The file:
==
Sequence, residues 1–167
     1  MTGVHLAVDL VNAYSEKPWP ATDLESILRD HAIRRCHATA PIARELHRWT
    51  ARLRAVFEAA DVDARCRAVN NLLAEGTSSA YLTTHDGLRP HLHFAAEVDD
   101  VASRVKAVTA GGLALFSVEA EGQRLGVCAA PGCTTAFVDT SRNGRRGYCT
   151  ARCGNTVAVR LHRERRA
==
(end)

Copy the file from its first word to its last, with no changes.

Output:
Sequence, residues 1–167
     1  MTGVHLAVDL VNAYSEKPWP ATDLESILRD HAIRRCHATA PIARELHRWT
    51  ARLRAVFEAA DVDARCRAVN NLLAEGTSSA YLTTHDGLRP HLHFAAEVDD
   101  VASRVKAVTA GGLALFSVEA EGQRLGVCAA PGCTTAFVDT SRNGRRGYCT
   151  ARCGNTVAVR LHRERRA